Their story, as Moorehead tells it in this compelling and moving book, is more of survival than of triumph. Some of them managed to return to lives that suggested normality — marriage or remarriage, children, high honors from the French government and others — and incredibly, four of them were still alive as “A Train in Winter” went to press. But virtually all of them were haunted by what they had undergone, in particular by memories of the friends who had perished in Heinrich Himmler’s hell on Earth, and some of them by recurrent dreams that made the Holocaust a living presence in their lives.
Moorehead obviously likes and admires these women, especially those who lived long enough to talk to her about their experiences before, during and after the death camp, but she does not romanticize them; they are real people, with shortcomings as well as strengths, and some of them are so fully portrayed as to become vivid presences. Moorehead has a soft spot for the French communists — they were “resilient, energetic and prepared to sacrifice themselves,” and “it was no accident that all but a few of the survivors had been active politically, committed to shared beliefs in a better future, and accustomed to hardship and discipline” — but she indulges this only a few times, and it does not seriously affect her narrative. What matters is that she is generally as tough-minded as were the women themselves, sparing the reader little in describing the cruelties in France during the Occupation (many of them inflicted by the French themselves) and the far greater ones of Auschwitz and Birkenau.
The first half of “A Train in Winter” is necessarily taken up with setting the scene in France as the women became variously involved with the Resistance in its early stages and as the Nazi grip on their country grew ever tighter and, in its brutality, ever more capricious. French collaboration was widespread, especially among the police, who were seduced with improved pay and other privileges; eventually their Special Brigades pursued with “sophistication and tenacity” those whom the Nazis considered undesirable — the list, of course, was long and inclusive. Eagerly abetted by the French police, the Nazis conducted mass reprisals for the killings of German soldiers and officials, usually murdering 10 French hostages for every German victim. The slaughter of 27 Frenchmen at Chateaubriand in October 1941 was only one among many, “but the name Chateaubriand would enter the consciousness not only of the French, but of the Allies, as a symbol of German brutality.”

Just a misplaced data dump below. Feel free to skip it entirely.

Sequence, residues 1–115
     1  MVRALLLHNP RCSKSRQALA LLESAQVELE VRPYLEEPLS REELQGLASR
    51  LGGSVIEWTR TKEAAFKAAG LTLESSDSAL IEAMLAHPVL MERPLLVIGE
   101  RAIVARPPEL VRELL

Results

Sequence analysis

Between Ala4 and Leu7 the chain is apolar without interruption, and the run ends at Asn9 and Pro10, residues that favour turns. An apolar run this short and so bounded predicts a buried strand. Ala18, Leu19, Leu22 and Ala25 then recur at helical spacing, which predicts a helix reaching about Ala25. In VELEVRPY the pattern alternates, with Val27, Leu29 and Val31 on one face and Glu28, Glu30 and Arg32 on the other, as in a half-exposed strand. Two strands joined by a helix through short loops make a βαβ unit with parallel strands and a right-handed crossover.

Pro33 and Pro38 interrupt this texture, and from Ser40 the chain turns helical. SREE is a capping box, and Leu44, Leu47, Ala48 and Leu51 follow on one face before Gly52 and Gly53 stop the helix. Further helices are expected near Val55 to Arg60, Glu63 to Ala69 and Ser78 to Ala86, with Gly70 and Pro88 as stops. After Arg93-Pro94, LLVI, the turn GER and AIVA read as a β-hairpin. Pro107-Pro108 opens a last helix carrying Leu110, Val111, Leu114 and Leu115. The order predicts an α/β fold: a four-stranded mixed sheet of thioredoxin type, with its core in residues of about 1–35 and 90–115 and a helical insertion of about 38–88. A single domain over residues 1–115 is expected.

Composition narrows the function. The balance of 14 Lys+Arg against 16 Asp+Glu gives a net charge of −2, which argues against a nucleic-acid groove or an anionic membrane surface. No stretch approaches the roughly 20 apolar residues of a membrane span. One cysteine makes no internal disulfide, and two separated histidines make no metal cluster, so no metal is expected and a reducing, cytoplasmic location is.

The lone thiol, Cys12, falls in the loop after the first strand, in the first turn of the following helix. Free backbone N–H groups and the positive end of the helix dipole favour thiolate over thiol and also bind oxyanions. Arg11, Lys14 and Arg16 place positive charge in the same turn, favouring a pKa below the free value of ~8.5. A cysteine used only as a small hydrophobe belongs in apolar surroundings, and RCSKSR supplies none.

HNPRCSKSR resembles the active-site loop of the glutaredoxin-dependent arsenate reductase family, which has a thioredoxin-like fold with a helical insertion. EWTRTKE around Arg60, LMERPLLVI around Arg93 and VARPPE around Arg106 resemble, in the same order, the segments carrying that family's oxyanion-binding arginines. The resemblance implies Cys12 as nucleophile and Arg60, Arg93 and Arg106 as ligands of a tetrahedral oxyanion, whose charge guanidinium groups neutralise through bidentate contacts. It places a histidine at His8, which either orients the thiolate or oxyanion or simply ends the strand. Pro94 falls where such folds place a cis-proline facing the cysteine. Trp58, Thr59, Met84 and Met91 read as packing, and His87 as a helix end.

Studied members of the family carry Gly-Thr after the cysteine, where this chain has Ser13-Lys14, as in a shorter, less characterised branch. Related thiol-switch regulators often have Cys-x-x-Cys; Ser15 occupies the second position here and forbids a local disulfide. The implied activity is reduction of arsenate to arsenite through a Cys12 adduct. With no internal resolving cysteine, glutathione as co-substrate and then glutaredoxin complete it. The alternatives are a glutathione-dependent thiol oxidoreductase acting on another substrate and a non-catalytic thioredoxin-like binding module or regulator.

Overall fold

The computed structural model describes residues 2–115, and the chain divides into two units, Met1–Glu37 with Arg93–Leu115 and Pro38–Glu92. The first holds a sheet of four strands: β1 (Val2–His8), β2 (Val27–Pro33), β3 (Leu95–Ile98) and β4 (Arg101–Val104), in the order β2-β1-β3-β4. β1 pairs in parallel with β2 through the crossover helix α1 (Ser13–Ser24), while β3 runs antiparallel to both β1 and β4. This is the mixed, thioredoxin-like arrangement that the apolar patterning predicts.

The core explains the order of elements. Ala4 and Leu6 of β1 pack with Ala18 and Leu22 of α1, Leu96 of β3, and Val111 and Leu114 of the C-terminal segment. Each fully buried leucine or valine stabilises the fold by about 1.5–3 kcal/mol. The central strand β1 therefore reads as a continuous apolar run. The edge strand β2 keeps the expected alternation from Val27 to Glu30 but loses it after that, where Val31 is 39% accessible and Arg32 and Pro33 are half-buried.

The women began to be imprisoned at Romainville in Paris in August 1942 in difficult but manageable conditions. The result could scarcely have been planned by the Nazis: “All across the women’s section, in the dormitories, on the staircase, in the courtyard . . . friendships were born and grew, women separated by age, schooling, class and profession drawn into patterns of affection and understanding by shared stories and similar losses. Grieving for their executed husbands, missing their children, fearful for their families, they talked, for there was not much else to do; and, as they talked, they felt stronger and better able to cope.” Indeed, by the time they had been installed in Birkenau, “friendship between the French women had, if possible, grown stronger,” and it continued to strengthen right up to the end. Of course, there were differences and even rare spats, but these friendships were essential to the women’s lives.
Birkenau “had, since the late spring of 1942, been the main women’s camp in the Auschwitz complex,” but though the prisoners were separated by sex, they were subjected to the same agonies. Before being taken to the camp, one of the women wrote, “Some days I think that I have reached the limits of horror,” but she could not have imagined Birkenau. A prisoner named Simone Alizon, one of the survivors, could not forget one Sunday there:
“She was standing in a line of Polish women when a lorry with SS men stopped close by. One leant out and indicated that a number of the women were to fall out. One of these was a mother with twin girls of about eight or nine. She clung to them, but was yanked away and pushed on to the lorry, which then drove off. The little girls, left standing on their own, were crying. Simone took one by each hand and when the whistle blew to return to the barracks, she began to lead them away, singing to them. But then two SS women appeared, unleashed their dogs and gave an order in German. The dogs leapt on the girls and seized them by the throat. Simone stood paralysed. When the dogs were ordered to let go, the girls were dead, their faces savaged beyond recognition.”
That Simone “did not say a single word” to anyone for days after this inexpressible horror can scarcely come as a surprise, yet she somehow survived it and the camp, “married and had two daughters and was awarded the Légion d’honneur,” and lives to this day; she was the youngest of the survivors and is now in her late 80s. This the reader can learn in an appendix in which Moorehead describes, as best the evidence permits, the fates of all these women. Readers will find themselves, as I did, turning to this appendix over and over again while reading the text.
The literature of wartime France and the Holocaust is by now so vast as to confound the imagination, but when a book as good as this comes along, we are reminded that there is always room for something new. As the paragraph just quoted makes plain, reading “A Train in Winter” can be hard indeed, but it is a necessary book.